It wasn't until school started a couple of weeks later that I really thought about what this move really meant to all of us. Sure the job and work environment was better for Mr. Awesome and the schools were overall better for the kids but we also had to give up a lot.

We left a tight knit community, our friends and our church. We lost the convenience of having family close by, of knowing where everything is and of having Starbucks just around the corner. We had to, for better and for worse, let go of familiarity, reputation and comfort of the life we had built and step out into this new adventure.
Not knowing what to expect and having no real plan for our new lives in Small Town left us open to a world of possibilities and I think that for the most part we made the most of every opportunity. We all jumped in with both feet and I have to say that I am really proud of my Random Family. The kids put forth their best effort at school and they each finished the year strong. They all matured some, learned a lot and made some really great friends ... in fact, we all have.

This blog started off, a year ago, as a way for me to chronicle our move and the daily antics of The Wee Ones for my pals and a year later it has evolved and so have I. I started writing this blog as a way to hold on to everything I was leaving behind but it has become a measuring stick of change. Over the year I have changed how I view motherhood, wifedom and my role in my own life. I have become more comfortable in my own skin, in my own shoes and for the first time since leaving university I feel as though I see a future for myself, apart from being some random mother.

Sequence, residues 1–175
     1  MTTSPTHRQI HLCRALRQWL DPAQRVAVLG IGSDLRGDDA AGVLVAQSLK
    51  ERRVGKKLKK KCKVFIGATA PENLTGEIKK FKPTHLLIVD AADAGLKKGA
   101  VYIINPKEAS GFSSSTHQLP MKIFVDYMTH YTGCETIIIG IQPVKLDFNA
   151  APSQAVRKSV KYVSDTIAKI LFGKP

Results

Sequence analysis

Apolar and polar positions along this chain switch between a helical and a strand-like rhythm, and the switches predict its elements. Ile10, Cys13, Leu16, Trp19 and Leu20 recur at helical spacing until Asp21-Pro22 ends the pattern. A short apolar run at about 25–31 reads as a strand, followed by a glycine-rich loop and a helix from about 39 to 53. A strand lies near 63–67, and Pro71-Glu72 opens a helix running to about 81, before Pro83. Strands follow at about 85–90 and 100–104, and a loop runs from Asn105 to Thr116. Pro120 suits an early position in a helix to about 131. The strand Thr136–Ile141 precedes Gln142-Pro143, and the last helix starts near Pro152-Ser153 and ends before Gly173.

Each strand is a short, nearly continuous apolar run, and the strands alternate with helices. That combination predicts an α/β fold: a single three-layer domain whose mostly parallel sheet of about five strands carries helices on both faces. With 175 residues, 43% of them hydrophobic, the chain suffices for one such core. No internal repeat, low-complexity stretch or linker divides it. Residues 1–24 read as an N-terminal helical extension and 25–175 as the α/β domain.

I want to thank you all for reading, for commenting and for encouraging me. Knowing that you are taking a few minutes out of your busy day to check in with this Random Family blesses me. And hearing that you are getting something out of my rambling words blesses me even more. I love reading your comments and emails, I am so encouraged to hear that the lessons I am learning make you laugh, think or inspire you to learn a little something new, too.